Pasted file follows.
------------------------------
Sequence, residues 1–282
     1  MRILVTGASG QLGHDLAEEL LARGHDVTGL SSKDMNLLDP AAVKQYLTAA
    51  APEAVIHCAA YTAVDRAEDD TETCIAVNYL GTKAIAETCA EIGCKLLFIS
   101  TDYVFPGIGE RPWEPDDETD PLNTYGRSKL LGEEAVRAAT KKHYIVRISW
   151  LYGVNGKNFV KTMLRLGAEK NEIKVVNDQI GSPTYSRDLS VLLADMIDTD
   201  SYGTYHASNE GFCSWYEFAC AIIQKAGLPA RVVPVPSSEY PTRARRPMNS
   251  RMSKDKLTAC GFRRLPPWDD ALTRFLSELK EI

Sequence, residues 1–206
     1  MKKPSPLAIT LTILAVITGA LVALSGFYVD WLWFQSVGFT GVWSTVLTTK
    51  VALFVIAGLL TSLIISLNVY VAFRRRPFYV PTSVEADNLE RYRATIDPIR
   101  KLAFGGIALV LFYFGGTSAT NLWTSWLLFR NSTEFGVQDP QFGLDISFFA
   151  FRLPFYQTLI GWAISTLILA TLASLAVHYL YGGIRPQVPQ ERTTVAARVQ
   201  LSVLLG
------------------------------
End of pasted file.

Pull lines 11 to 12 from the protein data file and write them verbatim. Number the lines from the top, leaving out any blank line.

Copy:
   101  KLAFGGIALV LFYFGGTSAT NLWTSWLLFR NSTEFGVQDP QFGLDISFFA
   151  FRLPFYQTLI GWAISTLILA TLASLAVHYL YGGIRPQVPQ ERTTVAARVQ